When asked if the attacks had changed his stance on a “complete shutdown” of Muslims entering the US, the President-elect said he was “100% correct” over the proposal.

    He said: “You know my plans. All along, I’ve been proven to be right. What’s happening is disgraceful.”

    Mr Trump added that the Berlin Christmas market lorry crash “was an attack on humanity and it’s got to be stopped”.

    sky news

  • michael norton

    The 54,000 residents of Augsburg, Bavaria, will not spend Christmas at home, but as evacuees, while sappers defuse an unexploded 1.8-ton bomb dropped by the British in WWII. It will be the biggest evacuation in post-war German history.

    The bomb dropped by the British Air Force back in the 1940s was found during construction work, Augsburger Allgemeine newspaper reported, citing a spokesman from the city council.

    The evacuation and defusing of the device will take place during Christmas, which falls on the weekend this year. Authorities say the hazardous area has a radius of 1.5km, meaning that about 54,000 people from 32,000 households will have to spend Christmas away from home.
    https://www.rt.com/news/371372-germany-bomb-ww2-evacuation/
    i did not know we made / dropped bombs that big in the war.

  • michael norton

    Assassination of Russian ambassador was not killer’s ‘own initiative’ – Turkish Interior Minister
    https://www.rt.com/news/371619-karlov-assassination-premeditated-murder/

    The assassination of the Russian Ambassador to Ankara, Andrey Karlov, was a well-planned and premeditated murder,
    Turkey’s interior minister told journalists. He said it did not happen at the initiative of the killer or out of personal vengeance.
    Karlov was shot dead as he was delivering a speech at the opening of an exhibition called ‘Russia in the Eyes of Turks’ at an art gallery in Ankara on Monday. The gunman, who was killed at the scene, was identified as 22-year-old Mevlut Altintas, a member of Ankara’s riot police force. Russian and Turkish teams are now working in Ankara in attempts to figure out the details of Karlov’s assassination.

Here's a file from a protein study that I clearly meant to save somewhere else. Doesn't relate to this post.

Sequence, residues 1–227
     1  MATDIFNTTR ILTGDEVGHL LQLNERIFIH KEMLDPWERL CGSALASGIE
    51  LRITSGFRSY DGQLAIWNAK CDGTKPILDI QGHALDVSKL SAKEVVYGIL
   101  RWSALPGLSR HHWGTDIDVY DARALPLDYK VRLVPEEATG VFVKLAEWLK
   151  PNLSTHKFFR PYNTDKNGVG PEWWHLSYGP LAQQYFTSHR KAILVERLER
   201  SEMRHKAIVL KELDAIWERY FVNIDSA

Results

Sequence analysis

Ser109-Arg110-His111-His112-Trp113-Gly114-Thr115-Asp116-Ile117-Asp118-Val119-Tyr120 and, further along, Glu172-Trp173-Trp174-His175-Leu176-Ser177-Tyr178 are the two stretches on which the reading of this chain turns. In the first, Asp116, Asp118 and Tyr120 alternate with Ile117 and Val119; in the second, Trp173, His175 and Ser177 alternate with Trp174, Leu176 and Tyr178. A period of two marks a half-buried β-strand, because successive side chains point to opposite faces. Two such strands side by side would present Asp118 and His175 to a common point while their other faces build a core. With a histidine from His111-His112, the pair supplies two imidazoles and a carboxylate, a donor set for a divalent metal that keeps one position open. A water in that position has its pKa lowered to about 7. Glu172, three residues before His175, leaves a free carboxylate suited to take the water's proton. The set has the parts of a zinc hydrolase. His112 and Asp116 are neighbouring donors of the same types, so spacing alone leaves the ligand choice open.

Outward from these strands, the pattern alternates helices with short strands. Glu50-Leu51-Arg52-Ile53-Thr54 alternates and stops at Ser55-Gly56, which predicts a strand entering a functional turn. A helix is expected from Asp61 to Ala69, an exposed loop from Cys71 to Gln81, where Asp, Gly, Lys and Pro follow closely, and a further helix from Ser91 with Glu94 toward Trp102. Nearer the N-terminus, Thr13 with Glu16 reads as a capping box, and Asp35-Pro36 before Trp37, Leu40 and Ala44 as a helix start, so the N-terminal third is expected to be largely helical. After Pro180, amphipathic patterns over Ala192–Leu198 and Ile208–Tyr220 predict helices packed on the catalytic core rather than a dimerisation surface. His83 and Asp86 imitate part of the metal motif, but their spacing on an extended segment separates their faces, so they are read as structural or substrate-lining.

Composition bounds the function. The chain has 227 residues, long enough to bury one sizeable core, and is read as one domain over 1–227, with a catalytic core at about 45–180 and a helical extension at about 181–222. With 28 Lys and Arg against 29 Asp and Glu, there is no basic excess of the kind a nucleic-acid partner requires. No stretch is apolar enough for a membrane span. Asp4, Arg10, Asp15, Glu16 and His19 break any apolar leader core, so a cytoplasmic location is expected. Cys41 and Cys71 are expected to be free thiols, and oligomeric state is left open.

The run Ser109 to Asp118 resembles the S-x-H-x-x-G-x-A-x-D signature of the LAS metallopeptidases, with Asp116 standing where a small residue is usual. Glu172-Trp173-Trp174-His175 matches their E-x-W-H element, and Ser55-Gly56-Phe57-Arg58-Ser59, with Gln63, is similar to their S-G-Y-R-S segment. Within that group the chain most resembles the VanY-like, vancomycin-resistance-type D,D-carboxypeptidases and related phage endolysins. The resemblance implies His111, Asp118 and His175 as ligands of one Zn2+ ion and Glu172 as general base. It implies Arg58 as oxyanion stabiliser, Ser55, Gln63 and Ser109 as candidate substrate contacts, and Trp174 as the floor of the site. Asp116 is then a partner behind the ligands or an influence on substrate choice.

http://www.al-monitor.com/pulse/originals/2016/08/turkey-gulenist-purge-shows-hysteria-symptoms.html
    Well, he was a serving police officer, he got in by showing his badge.
    If he had been a Gulenist, surely he would have been purged.
    so who were his order-givers?

    • michael norton

      Theresa May is enjoying an unusual post-referendum honeymoon, Old Labour is well adrift in national polls, and Copeland is a constituency that voted about 60 per cent for BREXIT MEANS BREXIT, according to an estimate by Chris Hanretty of the University of East Anglia.

      The by-election is further complicated by Ukip, seeking to relaunch itself as a working-class HARD BREXIT NOW party of northern England, who came third last time.

      So a New Labour fanatic who resigned from the front bench within one minute of the sainted JC taking the tiller,
      leaves a firm vote leave constituency ripe for the plucking.

      • Paul Barbara

        For all those desperately anxious of Assange’s state of health, and even whether he is even alive or if so where he is (I want to make it crystal clear I am not among them: I trust Craig’s account):
        Next vigils, starting today:
        Saturday, 31 December
        16:30
         Vigil for Assange outside the Ecuadorian Embassy – London

        Tuesday, 3 January 2017
        16:00
         Vigil for Assange outside the Ecuadorian Embassy – London

        Wednesday, 4 January 2017
        16:00
         Vigil for Assange outside the Ecuadorian Embassy – London

        Thursday, 5 January 2017
        16:00
         Vigil for Assange outside the Ecuadorian Embassy – London

        Saturday, 7 January 2017
        16:30
         Vigil for Assange outside the Ecuadorian Embassy – London

        Tuesday, 10 January 2017
        16:00
         Vigil for Assange outside the Ecuadorian Embassy – London

        Wednesday, 11 January 2017
        16:00
         Vigil for Assange outside the Ecuadorian Embassy – London

        Thursday, 12 January 2017
        16:00
         Vigil for Assange outside the Ecuadorian Embassy – London

        Saturday, 14 January 2017
        16:30
         Vigil for Assange outside the Ecuadorian Embassy – London

        Tuesday, 17 January 2017
        16:00
         Vigil for Assange outside the Ecuadorian Embassy – London

        Wednesday, 18 January 2017
        16:00
         Vigil for Assange outside the Ecuadorian Embassy – London

        Thursday, 19 January 2017
        16:00
         Vigil for Assange outside the Ecuadorian Embassy – London

        Saturday, 21 January 2017
        16:30
         Vigil for Assange outside the Ecuadorian Embassy – London

        Who knows, you could become an ‘Alternative Media Star’ overnight, if you catch him at the window waving today’s copy of Pravda!